My wife-to-be got suckered by one of these organizations that charges something to the tune of $20,000 and purports to ‘teach you how to write a book, market it, and sell it’ but what they don’t tell you is that they’re basically con artists grifting people and occasionally those marks learn how to grift by example. If someone proves they can grift others, they’ll hire them on to their con artist company.

        I told her as much at the time, but after their ‘free seminar’ she had that ‘need for action’ that they oh-so-desperately want to instill into people at point of sale. Madness. Thankfully one of her family members fronted the cost, but I suppose it doesn’t bode well long term that she’s that gullible.

        1. Write a book or do a TED talk to teach her.

  7. “it’s important to remember that Smarter Lunchrooms strategies are based upon widely researched principles of behavioral economics,”

    Maybe I am ignorant or naive, but I thought “behavioral economics” was about studying behavior to explain a result not manipulating behavior to elicit the expected result. Also when I say “N-Word” what is flashing in your skull right now? AHA! Racist!.

    1. Naggers!!!

    2. I guess the latter would be “applied behavioral economics”.

    3. Ntifa?

  8. …feel-good fairytales about banana placement.

    Hey now, proper banana placement is a very serious issue.

    1. Banana first. Make apples great again. An apple a day keeps Sunstein and Thaler … alright, I had too much sugar.

    2. We’ve already done passion fruit!

      We haven’t done bananas yet, have we?

  9. It takes a village and junk science to keep our fat kids from becoming fatter kids.

    1. When you look at kids today, you do see a lot that are overweight. It’s kind of scary.

  10. One in five apples will be eaten.

  11. Somehow, no ‘initiative’ on school lunches ever involves asking the kids what they want to eat, or the lunchroom ladies what the equipment they use would do reasonably well.

    Said; I remember, going back some decades, the flap over (supposedly) some Reagan administration functionary calling catsup a vegetable, for school lunch purposes. I recall thinking at the time “Have any of the people carrying on about this SEEN how kids use catsup? In those quantities it damn well IS a vegetable serving”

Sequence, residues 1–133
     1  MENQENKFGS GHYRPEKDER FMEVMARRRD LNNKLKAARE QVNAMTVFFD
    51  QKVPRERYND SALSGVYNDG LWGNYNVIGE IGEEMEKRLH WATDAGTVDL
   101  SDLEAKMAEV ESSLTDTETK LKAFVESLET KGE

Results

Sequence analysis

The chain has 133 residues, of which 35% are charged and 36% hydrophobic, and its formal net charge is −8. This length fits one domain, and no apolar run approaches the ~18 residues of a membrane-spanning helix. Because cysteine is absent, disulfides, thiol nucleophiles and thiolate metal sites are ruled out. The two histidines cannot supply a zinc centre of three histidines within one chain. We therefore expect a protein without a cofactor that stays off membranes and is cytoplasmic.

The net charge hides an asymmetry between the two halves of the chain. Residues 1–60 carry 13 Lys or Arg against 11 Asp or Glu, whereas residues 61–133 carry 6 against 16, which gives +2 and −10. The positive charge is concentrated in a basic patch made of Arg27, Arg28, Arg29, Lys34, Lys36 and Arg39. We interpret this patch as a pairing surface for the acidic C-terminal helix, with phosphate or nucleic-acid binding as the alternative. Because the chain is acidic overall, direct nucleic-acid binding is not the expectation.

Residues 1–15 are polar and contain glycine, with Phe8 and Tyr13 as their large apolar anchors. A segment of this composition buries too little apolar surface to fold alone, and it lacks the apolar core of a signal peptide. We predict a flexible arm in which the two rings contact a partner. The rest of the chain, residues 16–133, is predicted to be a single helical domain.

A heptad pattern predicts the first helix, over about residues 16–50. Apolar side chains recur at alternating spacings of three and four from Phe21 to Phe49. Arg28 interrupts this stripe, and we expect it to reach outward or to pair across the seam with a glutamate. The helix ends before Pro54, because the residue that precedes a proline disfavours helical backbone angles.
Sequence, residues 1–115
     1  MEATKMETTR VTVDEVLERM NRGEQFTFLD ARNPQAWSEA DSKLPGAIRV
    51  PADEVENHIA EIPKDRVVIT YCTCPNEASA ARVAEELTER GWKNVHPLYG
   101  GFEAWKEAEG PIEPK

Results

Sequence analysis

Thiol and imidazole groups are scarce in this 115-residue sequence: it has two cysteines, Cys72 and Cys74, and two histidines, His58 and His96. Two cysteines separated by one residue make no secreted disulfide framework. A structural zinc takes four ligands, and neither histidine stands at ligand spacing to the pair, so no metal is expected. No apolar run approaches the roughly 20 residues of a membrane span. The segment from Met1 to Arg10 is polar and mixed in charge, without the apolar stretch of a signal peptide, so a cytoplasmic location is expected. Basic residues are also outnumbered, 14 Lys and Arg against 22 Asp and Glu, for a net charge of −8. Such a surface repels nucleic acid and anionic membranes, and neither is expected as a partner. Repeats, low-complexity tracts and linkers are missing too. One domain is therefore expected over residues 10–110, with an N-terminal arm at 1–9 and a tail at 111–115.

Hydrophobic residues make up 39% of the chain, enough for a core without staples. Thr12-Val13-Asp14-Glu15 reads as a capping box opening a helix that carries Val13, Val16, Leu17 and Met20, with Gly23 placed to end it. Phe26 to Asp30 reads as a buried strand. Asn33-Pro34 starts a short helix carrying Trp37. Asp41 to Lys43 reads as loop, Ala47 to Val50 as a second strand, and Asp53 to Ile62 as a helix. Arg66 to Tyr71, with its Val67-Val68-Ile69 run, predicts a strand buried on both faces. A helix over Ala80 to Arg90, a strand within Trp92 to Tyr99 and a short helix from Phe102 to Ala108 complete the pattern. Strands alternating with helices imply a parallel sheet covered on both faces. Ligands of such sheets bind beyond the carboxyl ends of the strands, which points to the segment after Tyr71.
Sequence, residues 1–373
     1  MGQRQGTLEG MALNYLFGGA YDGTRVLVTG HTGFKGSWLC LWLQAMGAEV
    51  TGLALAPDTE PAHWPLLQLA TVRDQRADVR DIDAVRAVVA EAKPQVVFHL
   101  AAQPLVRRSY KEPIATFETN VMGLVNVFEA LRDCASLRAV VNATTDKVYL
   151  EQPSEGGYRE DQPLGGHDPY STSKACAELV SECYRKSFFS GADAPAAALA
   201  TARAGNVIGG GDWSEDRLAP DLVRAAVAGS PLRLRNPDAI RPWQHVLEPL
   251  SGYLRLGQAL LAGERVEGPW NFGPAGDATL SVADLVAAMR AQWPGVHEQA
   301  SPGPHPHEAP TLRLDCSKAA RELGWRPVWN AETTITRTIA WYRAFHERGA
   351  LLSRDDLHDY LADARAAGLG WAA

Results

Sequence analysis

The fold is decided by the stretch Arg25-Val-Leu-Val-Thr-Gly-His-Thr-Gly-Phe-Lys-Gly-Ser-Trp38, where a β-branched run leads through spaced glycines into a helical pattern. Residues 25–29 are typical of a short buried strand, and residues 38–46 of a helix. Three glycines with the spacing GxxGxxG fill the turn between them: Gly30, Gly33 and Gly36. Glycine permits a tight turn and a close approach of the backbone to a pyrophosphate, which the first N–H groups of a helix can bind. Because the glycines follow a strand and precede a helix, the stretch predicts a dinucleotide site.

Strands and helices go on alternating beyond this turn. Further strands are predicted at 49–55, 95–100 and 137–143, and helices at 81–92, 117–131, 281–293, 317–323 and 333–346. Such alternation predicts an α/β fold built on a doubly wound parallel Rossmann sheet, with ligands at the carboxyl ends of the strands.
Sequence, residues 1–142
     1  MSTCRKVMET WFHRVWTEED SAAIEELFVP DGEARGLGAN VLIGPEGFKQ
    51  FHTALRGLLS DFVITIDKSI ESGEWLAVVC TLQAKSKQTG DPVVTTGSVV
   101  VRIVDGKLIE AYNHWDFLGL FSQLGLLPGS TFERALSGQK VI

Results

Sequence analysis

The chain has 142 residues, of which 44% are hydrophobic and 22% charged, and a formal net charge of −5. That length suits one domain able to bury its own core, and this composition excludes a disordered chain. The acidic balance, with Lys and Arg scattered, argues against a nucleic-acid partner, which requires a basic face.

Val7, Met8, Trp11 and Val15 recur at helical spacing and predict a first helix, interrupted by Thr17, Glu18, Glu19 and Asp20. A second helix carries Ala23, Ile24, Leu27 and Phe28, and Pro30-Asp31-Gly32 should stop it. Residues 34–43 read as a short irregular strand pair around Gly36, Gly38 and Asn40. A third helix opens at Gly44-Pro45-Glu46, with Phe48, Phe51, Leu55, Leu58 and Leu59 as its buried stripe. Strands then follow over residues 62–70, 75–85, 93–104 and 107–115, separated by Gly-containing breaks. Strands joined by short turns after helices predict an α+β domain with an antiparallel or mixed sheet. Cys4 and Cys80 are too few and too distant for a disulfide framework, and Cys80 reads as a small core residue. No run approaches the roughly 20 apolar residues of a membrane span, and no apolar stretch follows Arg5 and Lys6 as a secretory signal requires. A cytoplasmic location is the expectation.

12. the school system will make the best of meals the worst tasting crap ever. Improve the cooking methods and kids will eat it, no fancy names or tricks needed

  13. Wansink’s colleagues?including Andrew Gelman, director of the Applied Statistics Center at Columbia University?quickly called him out on this cavalier attitude toward theory and apparent willingness to hack statistics into something publishable.

    Uhh…yeah? Do you even science? If you don’t publish, what do you do? You perish. Did this guy make a shit ton of cash, or no? If he did, success.

    What, you expect a scientist to pay out a lot of cash for a poorly thought out study that turned out to be useless? Hell no! You work backwards and simply redo your thesis. That’s how guys like this got their Masters and probably their Ph.D. so it’s no surprise that’s how they conduct themselves once they’re a ‘Doctor’.

    1. Possibly he got the behavioral economics of monetizing “science” right.

  14. They are missing big picture.
    All options are mac and cheese/pizza/nuggets/grilled cheese/hot dog and burgers-just like most kids menus

    But the problem is most parents are lazy and feed their kids that do not sure who it to blame.

    Maybe a variant would be chicken product-it’s actually called that.

    There has got to be a crony deal there providing all the basic crap so who cares if they throw a few bananas at it.

    The salads they do have are crap as well-iceberg and little else.

    Yeah I’m a food snob and I’m raising my kid that way as well so there are no good options for us.

    I’d gladly pay if they had a good option-but they don’t so it’s bring your lunch for us.

    Some free investment advice-invest in “fast casual/hip” mac and cheese places in a few years. It’s all many of these kids will eat

  15. many instances in which the mean or standard deviation given was impossible given the sample size stated in the same table. (“For example, with a sample size of 10 any mean reported to two decimal places must always have a zero in the second decimal place; yet, this table contains means of 2.25 and 3.92 for a sample size of 10.”)

    This is nonsense.

    The mean is a mathematical calculation. It is what it is. You’re confusing standards on the use of *significant digits* in limited sample sizes, which are arguable, with mathematical impossibility.

  16. “how to really reform school cafeterias”

    1. Rule the school cafeterias

    2. Find the school cafeteria management staff

    3. Bring them all to a dark room or closet

    4. In the darkness, bind them.

  17. The deleted blog post plus its lively comment section. (Second link includes an addendum. Both go to Wayback Machine. Links shortened due to posting requirements).

Please to post comments

Comments are closed.